Wednesday, November 3, 2010

Sasha's Kitchen: Cinnamon-Apple Fall Muffins

Baking muffins always makes me think of my mom. She loves to make muffins, from zucchini muffins to carrot muffins to my favorite pumpkin muffins. I was initially intending to make apple cupcakes this past weekend, but ultimately decided that my recipe worked much better as a muffin. Apples are still in high season, especially here in New York, so these would really be perfect with any variety. I used locally grown, Granny Smith apples in my recipe, which were nice because the end result of the muffins was not overly sweet. I think my mom would have really enjoyed these. I loved the texture of the muffins as well - they're slightly lumpy, but really that is just perfect. The apple cider and the mix of spices are a nice compliment to the apples - it brings out the flavors of fall really well. Muffins like these bring me back to my childhood days.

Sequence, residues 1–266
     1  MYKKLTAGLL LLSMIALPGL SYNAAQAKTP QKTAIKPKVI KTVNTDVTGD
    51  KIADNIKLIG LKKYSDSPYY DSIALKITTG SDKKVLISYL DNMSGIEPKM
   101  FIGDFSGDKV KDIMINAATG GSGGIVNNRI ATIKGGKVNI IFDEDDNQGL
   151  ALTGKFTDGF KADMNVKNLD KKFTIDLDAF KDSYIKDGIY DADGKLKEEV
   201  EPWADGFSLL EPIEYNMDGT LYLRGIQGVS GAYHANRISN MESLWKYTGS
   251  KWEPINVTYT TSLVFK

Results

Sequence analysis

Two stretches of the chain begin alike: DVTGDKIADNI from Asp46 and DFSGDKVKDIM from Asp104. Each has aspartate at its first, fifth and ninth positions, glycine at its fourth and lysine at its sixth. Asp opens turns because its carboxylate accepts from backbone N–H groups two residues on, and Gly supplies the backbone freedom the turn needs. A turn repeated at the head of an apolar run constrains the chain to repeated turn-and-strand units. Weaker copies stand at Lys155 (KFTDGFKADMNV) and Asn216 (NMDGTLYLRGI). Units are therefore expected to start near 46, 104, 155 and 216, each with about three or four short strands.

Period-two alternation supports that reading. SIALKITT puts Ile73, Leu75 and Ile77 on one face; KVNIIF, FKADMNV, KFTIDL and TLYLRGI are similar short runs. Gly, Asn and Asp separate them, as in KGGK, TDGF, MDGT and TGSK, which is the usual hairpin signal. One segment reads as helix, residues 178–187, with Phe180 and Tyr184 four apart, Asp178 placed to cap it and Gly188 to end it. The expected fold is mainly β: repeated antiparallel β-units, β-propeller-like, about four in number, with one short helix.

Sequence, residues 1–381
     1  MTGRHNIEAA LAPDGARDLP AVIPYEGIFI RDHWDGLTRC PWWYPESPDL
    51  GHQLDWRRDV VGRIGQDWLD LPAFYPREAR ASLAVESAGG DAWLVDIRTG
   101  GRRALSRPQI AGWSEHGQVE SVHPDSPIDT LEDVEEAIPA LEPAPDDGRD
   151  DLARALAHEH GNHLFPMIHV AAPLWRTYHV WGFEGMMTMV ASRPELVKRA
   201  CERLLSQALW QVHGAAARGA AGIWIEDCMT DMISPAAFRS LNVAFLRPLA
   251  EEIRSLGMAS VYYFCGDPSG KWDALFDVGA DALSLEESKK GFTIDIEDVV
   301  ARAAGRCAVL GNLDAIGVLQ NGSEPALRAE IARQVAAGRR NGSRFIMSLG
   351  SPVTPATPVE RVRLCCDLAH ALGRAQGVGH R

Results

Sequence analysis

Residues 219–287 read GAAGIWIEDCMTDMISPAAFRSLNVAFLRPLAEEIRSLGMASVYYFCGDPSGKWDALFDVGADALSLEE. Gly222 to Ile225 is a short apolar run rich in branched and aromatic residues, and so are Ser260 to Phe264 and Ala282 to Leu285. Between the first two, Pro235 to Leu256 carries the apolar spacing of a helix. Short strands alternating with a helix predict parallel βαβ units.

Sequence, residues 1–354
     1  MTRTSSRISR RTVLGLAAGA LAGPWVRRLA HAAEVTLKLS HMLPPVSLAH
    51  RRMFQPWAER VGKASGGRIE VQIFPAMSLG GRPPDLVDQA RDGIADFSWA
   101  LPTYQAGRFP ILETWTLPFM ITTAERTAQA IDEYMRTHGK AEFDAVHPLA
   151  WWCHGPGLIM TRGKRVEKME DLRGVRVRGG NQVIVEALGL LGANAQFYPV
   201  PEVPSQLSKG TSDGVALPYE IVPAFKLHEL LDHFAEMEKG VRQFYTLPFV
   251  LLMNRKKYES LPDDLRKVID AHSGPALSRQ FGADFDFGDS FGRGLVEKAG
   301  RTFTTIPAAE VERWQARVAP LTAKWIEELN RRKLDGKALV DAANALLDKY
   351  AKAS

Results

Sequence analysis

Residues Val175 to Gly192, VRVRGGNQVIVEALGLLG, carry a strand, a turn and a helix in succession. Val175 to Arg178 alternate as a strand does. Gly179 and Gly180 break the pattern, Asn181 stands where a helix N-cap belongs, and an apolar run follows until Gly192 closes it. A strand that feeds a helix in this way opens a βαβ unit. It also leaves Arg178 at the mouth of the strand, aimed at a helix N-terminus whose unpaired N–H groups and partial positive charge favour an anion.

I love cooking with apples, pumpkins and squash in the fall - these three foods are really the best thing about fall. I haven't tired yet either - I have a whole group of wonderful pumpkin desserts that I will be making when we host Thanksgiving dinner this year, and I am making butternut squash risotto tomorrow night as well.

Sasha's Cinnamon-Apple Fall Muffins
3 large granny smith apples
3 cups all purpose flour
3/4 cup of granulated sugar
1 1/2 tsp ground ginger
1 1/2 tsp ground cinnamon
1/8 tsp ground nutmeg
1 1/2 tsp baking soda
1/4 tsp salt
3 large eggs
3/4 cup of canola oil
1/2 cup apple cider
1 1/2 tsp vanilla extract